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Last Update: 22 Dec 2014
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Overview

History

Modern parks and reserves were first established in the late 1800's. Sarawakian endeavours began with the passing of the National Parks Ordinance in 1956 and the establishment of a Board of Trustees to administer it.

Bako National Park became Sarawak's first national park, legally constituted in 1957. A change in administration of national parks took place in 1973, with the Conservator of Forests replacing the Board of Trustees as administrator of National Parks. As such, since 1973, the Sarawak Forest Department has been charged with the responsibility of enforcing the National Parks Ordinance.

The National Parks and Wildlife Division (NPWD)

The objectives of the National Parks and Wildlife Division are:-

  1. To establish and manage the National Parks, Wildlife Sanctuaries, Nature Reserves, Forest Parks and other equivalent reserves throughout Sarawak.
  2. To provide recreational and other facilities in National Parks, Wildlife Sanctuaries, Nature Reserves, Forest Parks and other equivalent reserves.
  3. To preserve and protect the flora and fauna, especially the protected species, and totally protected species.
  4. To develop an effective publicity and extension service on nature conservation.
  5. To undertake research in the ecology, preservation and propagation of wildlife and their natural habitat.

The National Parks and Wildlife Division has the following functions to perform:

  1. Promoting Nature Conservation
    The primary objective of establishing national parks, wildlife sanctuaries and nature reserves is for the protection of the State's rich and diverse flora and fauna which are becoming increasingly threatened as a result of the opening of large areas of forests for economic development. That, the State holds in trust for future generations as well as for the world, some of the rarest and most interesting species of wild plants and animals. Setting aside areas of natural habitats as totally protected areas will ensure the continued survival of our natural heritage for the benefit of generations to come.
  2. Promoting Nature and Conservation Education
    Because of their undisturbed state, national parks and reserves are perfect areas for the study of nature. With well developed nature conservation programmes, school children will be able to appreciate the useful role of nature in our everyday life.
  3. Promoting Forest Recreation
    The demand of a hectic lifestyle associated with the rapid assimilation of urban living into the social fabric of a growing number of Sarawakians, have put pressure on the urgent need for more areas for outdoor recreation in the State. This is evident from the large number of people visiting Bako, Mulu, Similajau, Kubah, Gunung Gading, Niah and Lambir Hills National Parks on weekends and public holidays.
  4. Promoting Tourism
    National parks and reserves play a crucial role in the successful development of tourism in the State. The State Government has, through the State Tourism Task Force, identified our national parks as areas ear-marked for the development of both domestic and foreign tourism. This is in line with our objective of promoting the State as a destination for 'Adventure Tourism'. Our better known parks such as Bako, Mulu, Niah and Similajau National Parks will continue to be put in the forefront of the State's tourism development efforts.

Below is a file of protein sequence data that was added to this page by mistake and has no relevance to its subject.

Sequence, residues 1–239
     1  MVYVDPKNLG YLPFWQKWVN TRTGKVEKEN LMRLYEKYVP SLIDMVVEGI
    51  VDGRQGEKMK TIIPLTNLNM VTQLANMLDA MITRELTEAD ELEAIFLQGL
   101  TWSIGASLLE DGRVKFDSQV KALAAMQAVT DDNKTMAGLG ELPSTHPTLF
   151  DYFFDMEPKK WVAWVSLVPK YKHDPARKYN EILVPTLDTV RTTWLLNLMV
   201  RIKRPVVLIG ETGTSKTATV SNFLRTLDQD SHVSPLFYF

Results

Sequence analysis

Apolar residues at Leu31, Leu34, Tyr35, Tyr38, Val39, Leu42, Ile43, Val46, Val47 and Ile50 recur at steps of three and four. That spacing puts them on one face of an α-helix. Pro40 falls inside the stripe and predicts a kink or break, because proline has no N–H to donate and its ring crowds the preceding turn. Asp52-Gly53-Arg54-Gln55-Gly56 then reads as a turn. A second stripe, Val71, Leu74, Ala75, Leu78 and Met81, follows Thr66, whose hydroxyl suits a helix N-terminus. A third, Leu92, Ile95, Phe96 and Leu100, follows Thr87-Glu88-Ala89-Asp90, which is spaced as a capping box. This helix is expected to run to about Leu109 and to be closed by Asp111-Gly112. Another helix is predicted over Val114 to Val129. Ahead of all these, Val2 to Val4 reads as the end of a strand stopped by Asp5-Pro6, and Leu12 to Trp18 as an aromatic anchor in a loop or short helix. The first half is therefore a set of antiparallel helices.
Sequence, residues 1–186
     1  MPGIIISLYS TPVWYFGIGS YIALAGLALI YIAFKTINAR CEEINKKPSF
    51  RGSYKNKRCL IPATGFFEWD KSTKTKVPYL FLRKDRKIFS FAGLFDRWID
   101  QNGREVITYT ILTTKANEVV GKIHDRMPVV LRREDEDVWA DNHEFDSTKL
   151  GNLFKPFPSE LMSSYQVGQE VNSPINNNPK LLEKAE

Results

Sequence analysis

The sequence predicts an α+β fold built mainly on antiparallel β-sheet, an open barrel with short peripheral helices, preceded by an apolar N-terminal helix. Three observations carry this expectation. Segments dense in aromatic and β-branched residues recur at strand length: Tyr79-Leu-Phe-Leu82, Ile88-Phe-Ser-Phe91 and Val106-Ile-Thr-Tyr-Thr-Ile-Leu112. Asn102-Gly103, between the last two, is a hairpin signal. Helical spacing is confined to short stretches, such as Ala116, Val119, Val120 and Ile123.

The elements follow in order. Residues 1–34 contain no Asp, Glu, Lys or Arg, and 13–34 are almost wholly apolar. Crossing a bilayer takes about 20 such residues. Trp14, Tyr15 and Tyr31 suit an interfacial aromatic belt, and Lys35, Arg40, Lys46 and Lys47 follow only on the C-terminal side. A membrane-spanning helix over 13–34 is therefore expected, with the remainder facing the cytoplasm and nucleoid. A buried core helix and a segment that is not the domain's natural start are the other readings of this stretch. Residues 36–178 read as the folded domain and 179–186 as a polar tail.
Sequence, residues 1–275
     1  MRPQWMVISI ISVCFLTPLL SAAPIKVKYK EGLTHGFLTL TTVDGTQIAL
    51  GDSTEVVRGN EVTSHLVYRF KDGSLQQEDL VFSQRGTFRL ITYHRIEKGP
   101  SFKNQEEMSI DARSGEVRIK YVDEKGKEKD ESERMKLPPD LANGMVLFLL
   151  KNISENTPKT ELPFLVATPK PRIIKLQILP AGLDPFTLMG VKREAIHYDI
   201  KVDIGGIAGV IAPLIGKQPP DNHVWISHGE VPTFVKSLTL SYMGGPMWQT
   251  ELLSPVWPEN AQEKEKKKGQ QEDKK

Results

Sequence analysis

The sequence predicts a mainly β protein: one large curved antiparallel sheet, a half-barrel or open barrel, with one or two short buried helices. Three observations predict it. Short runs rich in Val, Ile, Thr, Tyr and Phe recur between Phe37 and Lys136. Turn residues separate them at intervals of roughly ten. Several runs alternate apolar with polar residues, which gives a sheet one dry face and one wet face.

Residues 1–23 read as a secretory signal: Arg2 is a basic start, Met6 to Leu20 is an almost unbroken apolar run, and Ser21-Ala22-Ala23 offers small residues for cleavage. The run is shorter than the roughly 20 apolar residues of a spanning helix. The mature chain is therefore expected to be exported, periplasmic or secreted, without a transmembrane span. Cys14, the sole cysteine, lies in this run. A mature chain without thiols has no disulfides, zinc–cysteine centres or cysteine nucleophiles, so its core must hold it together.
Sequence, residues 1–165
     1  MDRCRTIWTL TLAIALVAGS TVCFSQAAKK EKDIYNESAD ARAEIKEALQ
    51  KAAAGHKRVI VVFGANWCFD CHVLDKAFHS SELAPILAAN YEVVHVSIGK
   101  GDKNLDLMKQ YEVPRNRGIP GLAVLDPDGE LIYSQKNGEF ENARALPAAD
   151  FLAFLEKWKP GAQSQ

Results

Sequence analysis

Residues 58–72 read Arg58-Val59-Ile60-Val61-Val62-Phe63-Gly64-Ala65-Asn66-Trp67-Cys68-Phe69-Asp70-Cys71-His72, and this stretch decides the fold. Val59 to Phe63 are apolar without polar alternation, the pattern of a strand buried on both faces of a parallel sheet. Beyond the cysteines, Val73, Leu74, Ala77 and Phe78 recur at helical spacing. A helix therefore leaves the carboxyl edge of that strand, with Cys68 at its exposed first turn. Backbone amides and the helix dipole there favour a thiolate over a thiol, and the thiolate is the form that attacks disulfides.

5. Advancement of Scientific Research
    Our tropical rainforest is among the oldest and least disturbed in the region. For those wanting to study tropical forests in their natural state, our national parks and nature reserves offer the most appropriate avenues. Information gained by researchers will not only add to the general store of knowledge on tropical rainforests but also provide useful input for future management plans and conservation programmes.

There are four Branches within the National Parks and Wildlife Division, namely Parks and Nature Reserves Branch, Wildlife Branch, Planning & Development Branch and Interpretation & Conservation Education Branch.

  1. Parks and Reserves Branch
    The main responsibilities here include overall management of all parks and reserves.
  2. Wildlife Branch
    The main activities are wildlife management and research. These include habitat management, captive breeding, species management, veterinary, enforcement and licensing. Research is mainly on primates, large and small mammals, birds, reptiles and amphibians.
  3. Planning and Development Branch
    (a) Planning and Investigation Unit
    (b) Design and Implementation Unit
  4. Interpretation and Conservation Education Branch
    (a) Interpretation Unit
    (b) Conservation Education and Extension Unit
    (c) Research Unit
    (d) Administration Unit

National Parks, Wildlife Sanctuaries, Wildlife Centres and nature reserves have been set aside to preserve examples of the variety of landscapes, forest types, plants and animals that make Sarawak unique.

Access, accommodation, footpaths, shelters and the provision of information and interpretation services have been developed for the convenience of visitors. Presently, we have accommodation facilities in most of the national parks and are constructing similar facilities for the others. You can choose anything from basic tents to fully equipped chalets with bedding, cooking utensils, fans, tap water and electricity. Some of the parks also have canteens that provide cooked meals. If you prefer a package tour, a variety of local tour operators specialise in such excursions.


For further enquiry, please contact us

 
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